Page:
Several years after NATO was formed, a requirement for a new light jet attack aircraft was issued in the form of a competition in 1953. The intention was to standardize the types of aircraft used by NATO members, an idea that tried to be implemented in not just aviation, but nearly all military branches. Several design bureaus entered the competition, with Fiat’s design being proclaimed the winner.
The new aircraft, designated as G.91, while being a unique Italian design, was also influenced by the F-86K, an aircraft Fiat was already producing under licence. This design choice lead to Fiat not having to completely restructure the production process in order to adapt it for the manufacturing of new parts, thus in turn saving on production cost and time.
The G.91 is remembered for being sturdy, nimble, very easy to fly and maintain. It was liked by both pilots and ground crew alike for ease of use and reliability. This is backed by the fact that the aircraft had a very high efficiency ratio with only a handful of breakdowns during its operational lifetime. However, as with all things, the G.91 wasn’t perfect. The aircraft had a rather limited payload capacity and wasn’t the most stable firing platform. Although these shortcomings restricted the ground attack capabilities of the G.91, the aircraft’s redeeming qualities of reliability and ease of use, made it very popular among the ranks of the Italian, German and Portuguese air forces, whilst smaller numbers were employed by Greek and US air forces for testing purposes.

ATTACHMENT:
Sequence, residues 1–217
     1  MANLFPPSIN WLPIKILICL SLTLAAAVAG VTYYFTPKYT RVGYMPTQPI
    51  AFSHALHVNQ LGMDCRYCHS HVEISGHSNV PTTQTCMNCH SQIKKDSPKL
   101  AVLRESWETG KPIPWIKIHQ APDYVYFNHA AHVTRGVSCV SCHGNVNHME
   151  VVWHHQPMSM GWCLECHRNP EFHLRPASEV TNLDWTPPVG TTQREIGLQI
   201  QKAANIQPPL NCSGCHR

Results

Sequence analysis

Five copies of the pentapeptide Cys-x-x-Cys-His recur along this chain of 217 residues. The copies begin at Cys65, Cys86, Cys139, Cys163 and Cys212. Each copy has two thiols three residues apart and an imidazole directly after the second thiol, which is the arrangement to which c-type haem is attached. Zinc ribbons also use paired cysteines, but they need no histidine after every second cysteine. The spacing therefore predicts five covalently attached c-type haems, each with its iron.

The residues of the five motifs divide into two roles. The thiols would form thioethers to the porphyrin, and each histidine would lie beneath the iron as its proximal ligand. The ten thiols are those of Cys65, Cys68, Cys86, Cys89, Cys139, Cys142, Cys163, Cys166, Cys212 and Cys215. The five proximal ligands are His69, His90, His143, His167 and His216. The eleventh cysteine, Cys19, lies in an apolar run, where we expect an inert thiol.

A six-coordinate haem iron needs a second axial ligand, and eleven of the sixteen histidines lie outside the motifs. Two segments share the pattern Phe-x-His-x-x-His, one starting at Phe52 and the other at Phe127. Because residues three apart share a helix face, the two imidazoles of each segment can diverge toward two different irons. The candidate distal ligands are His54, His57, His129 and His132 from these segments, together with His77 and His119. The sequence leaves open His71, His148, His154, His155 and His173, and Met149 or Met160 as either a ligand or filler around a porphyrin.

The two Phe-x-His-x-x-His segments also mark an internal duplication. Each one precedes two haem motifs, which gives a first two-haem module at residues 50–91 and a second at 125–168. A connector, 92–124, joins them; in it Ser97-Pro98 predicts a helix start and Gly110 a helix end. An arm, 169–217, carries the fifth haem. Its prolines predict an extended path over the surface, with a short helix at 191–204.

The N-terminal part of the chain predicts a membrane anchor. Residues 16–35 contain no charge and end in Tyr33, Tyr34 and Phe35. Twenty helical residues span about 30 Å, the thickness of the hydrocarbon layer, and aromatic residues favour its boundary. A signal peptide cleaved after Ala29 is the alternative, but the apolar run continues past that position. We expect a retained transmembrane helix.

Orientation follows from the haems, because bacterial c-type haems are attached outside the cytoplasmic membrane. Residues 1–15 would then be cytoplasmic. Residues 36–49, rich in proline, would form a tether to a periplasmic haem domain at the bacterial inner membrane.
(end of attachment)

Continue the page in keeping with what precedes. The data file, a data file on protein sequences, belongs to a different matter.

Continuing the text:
As the aircraft’s operational service was set during the cold war, it didn’t see much action in it’s lifetime. The only conflict it was used extensively in was in the Portuguese Colonial Conflict in the 60s and 70s in Africa. There, the aircraft proved to be very effective at combating the guerilla warfare employed by the nationalist movements, whilst suffering only a few losses from ground fire.
However, due to the rapid development of new technologies in aircraft engineering and newer combat aircraft making their appearance, the G.91 was subsequently decommissioned from military service throughout the 70s. And though it’s military service had come to and end, the plane refused to retire just yet. The favorable flight characteristics made the airplane a very suitable platform to perform aerobatics with. This sparked the interest of the Italian national aerobatics team, who used slightly modified G.91s in their performances up until 1982, before the plane was ultimately retired for good.
The G.91 had a long and, for the most part, peaceful service time of over 35 years in which it struck fear into the hearts of the enemy, and spread joy to delighted airshow spectators alike. In total, around 750 G.91s were produced between 1956 and 1977.